View Full Image
Apple Peeler. All iron with a wooden handle. Has a springloaded cutting device and turn handle. Attached to wooden base. 15.75" long. Has no patent date or marks. In 1803, the first American patent for an apple peeler was issued to Moses Coates of Chester Co., Pennsylvania. Over the course of the century, peelers and pitters increased in popularity. Housewares dealers sold these manufactured gadgets under the heading of Yankee Notions. Apples and cherries were even more popular than they are today. The peeler and pitter were invented in response to the common use of apples and cherries in American cooking. Women made pies, cakes, sauces, crisps, butter, from apples and cherries because they were inexpensive and tasty. Pitters and peelers were among the first mass-produced devices that became popular in American kitchens. How we learn about communities; American Communities in History; Food Time Line 16 History; 15 Economics; 17 Geography; 18 Social Systems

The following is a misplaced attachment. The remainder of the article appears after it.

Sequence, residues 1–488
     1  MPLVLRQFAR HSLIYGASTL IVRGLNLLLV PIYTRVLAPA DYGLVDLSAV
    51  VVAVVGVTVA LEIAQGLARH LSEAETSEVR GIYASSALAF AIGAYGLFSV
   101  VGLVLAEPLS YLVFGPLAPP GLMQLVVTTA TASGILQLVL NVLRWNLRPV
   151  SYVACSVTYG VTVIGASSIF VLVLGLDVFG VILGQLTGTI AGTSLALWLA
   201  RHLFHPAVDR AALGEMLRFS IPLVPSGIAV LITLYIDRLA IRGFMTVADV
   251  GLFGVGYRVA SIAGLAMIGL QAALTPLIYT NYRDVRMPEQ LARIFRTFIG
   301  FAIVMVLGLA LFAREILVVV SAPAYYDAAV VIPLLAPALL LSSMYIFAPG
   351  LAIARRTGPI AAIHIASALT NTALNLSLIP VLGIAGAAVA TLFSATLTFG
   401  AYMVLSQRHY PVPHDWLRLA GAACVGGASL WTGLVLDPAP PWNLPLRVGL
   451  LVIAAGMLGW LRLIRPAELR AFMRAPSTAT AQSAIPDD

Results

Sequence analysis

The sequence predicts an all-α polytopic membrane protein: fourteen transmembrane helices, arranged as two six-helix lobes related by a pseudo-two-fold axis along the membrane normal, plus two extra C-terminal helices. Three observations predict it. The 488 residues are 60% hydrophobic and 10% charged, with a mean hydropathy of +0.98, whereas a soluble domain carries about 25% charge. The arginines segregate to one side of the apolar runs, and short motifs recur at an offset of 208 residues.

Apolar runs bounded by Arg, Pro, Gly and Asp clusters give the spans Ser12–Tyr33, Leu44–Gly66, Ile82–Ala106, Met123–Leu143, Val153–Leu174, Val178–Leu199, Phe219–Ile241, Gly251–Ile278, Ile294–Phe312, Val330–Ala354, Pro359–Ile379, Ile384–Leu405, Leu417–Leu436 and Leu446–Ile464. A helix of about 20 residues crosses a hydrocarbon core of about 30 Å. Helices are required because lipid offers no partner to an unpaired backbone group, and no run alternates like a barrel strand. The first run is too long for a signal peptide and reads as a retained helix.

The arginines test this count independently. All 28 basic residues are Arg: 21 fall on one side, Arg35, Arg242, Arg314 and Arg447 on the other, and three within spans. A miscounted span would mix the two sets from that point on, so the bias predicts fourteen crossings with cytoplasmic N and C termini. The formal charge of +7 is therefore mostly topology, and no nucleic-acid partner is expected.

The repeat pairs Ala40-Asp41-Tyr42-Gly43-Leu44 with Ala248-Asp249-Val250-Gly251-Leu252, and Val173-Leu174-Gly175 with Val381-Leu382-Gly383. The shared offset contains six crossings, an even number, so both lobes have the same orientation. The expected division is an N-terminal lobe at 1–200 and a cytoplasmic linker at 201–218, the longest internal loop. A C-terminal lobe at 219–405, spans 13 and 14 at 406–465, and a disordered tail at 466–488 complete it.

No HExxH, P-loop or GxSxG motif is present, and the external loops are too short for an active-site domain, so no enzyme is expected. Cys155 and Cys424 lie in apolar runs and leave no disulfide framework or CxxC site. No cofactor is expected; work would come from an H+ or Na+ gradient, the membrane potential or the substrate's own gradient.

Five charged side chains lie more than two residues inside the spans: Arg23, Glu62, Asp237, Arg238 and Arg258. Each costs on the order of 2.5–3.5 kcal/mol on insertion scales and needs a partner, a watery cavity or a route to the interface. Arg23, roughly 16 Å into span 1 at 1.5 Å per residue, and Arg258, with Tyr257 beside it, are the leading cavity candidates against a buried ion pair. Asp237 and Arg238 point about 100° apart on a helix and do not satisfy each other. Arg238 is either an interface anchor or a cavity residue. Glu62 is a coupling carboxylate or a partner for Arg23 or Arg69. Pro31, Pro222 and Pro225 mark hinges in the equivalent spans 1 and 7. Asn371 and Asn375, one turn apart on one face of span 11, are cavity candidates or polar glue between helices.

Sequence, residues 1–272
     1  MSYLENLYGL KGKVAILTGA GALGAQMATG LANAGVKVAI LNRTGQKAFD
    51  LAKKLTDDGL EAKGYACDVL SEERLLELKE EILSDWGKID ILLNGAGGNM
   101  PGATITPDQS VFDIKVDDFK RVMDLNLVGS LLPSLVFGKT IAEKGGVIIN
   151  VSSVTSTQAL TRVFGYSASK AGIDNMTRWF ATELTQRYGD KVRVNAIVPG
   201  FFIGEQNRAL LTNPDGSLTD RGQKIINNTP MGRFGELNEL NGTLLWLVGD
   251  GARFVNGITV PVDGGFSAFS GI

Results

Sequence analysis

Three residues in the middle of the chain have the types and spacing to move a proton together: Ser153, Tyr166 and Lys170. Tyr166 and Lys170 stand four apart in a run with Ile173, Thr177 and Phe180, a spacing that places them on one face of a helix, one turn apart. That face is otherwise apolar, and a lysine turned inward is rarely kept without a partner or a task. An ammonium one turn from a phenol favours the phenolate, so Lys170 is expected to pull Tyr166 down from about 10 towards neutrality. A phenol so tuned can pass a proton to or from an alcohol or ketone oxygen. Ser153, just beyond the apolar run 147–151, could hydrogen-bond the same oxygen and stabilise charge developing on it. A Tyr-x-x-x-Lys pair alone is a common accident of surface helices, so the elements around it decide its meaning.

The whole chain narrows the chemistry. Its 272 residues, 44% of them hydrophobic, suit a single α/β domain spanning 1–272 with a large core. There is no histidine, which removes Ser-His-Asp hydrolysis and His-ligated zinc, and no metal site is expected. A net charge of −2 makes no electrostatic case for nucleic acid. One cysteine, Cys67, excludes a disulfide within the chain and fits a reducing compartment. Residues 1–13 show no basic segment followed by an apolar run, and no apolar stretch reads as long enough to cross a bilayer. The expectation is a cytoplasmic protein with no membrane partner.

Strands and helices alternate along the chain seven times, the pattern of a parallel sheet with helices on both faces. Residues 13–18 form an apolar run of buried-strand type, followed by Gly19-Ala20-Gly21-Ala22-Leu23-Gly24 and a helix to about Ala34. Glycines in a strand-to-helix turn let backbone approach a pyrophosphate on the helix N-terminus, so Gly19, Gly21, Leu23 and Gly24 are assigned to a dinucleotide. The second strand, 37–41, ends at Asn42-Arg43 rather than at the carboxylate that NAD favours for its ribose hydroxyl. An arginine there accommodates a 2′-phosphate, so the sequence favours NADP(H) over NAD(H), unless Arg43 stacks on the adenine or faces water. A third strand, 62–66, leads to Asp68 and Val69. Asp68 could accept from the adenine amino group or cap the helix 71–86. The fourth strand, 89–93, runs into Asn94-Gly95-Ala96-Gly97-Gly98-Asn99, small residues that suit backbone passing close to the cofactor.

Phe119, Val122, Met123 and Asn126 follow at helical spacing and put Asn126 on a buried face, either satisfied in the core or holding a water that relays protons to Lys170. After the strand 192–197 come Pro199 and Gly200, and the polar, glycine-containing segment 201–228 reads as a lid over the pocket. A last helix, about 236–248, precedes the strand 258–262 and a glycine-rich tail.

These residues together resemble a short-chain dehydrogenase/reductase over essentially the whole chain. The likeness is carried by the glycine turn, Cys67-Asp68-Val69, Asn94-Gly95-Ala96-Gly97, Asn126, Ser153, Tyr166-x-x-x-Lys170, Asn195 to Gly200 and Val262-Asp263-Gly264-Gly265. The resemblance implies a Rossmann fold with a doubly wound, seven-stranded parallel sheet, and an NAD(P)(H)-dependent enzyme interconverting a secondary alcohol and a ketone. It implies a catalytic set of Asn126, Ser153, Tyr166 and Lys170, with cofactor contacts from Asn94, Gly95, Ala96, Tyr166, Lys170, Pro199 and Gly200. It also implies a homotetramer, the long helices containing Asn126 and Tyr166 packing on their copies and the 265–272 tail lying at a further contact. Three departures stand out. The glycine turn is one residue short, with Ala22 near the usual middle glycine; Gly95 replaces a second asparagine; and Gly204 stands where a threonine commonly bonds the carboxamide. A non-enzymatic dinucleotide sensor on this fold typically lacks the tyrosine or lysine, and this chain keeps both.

|Early American Museum|
|University of Illinois at Urbana-Champaign|
|University of Illinois at Urbana-Champaign, University Library|
For any further information related to this record, please contact the Collection Publisher. See http://images.library.uiuc.edu/projects/tdcfor more information about this project.